The City of Montreal announced new measures to serve the city’s vulnerable homeless population amid the outbreak of the novel coronavirus, COVID-19.
At a press conference on Friday, Montreal Mayor Valérie Plante and health officials announced that homeless people in Montreal infected with the virus or who may be infected with the virus and are awaiting results will be housed in isolation at the old Royal Victoria Hospital.
Officials said the overflow shelter that is currently set up at the former hospital will move to another location, allowing the space to be used to accommodate and isolate members of the homeless community that are infected.
Starting next week, the overflow shelter will see its mission transformed into the isolation unit and those that frequent the overflow shelter will be moved to another undisclosed location.
Plante said that the same number of beds will be available in the overflow shelter’s new location.
Health officials also announced that “sanitary hubs” will be set up around downtown Montreal and other places around the city if necessary, offering public bathrooms and basins for people to wash their hands.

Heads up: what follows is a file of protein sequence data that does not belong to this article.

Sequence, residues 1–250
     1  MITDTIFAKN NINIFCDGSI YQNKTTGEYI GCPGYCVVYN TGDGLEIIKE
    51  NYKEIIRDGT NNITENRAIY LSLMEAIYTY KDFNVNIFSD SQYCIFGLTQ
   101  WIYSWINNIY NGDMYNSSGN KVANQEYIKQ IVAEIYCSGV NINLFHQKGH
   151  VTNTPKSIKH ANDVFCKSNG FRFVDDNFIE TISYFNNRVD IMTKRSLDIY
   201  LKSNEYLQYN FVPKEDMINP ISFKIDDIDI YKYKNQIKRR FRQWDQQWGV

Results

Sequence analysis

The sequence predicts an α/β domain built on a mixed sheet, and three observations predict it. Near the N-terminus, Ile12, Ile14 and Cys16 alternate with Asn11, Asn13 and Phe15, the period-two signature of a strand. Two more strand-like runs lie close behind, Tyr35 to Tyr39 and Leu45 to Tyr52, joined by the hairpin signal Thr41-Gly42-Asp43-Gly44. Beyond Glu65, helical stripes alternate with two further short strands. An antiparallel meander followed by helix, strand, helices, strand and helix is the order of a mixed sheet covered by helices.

Plante announced that the provincial government has agreed to recognize those that work at for the homeless as essential care workers.
This will allow those workers to drop off their children at the province’s emergency daycare service that has been in service since Monday across the province.
As of Friday afternoon, the city says there are 31 confirmed cases of COVID-19 in Montreal, including two people in the intensive care unit. Plante reiterated that most cases are still linked to travel.
Officials, however, said that number is likely to quickly climb as the city increases the amount of tests being administered and its expansion of locations where people can go get tested.
As of Friday, Quebec has 139 confirmed cases of COVID-19 in the province, with 2,403 people under investigation, 1 person cured and 7,666 tests that came back negative.
On Thursday Quebec had its first COVID-19 death, an 82-year-old woman.
— With files from The Canadian Press
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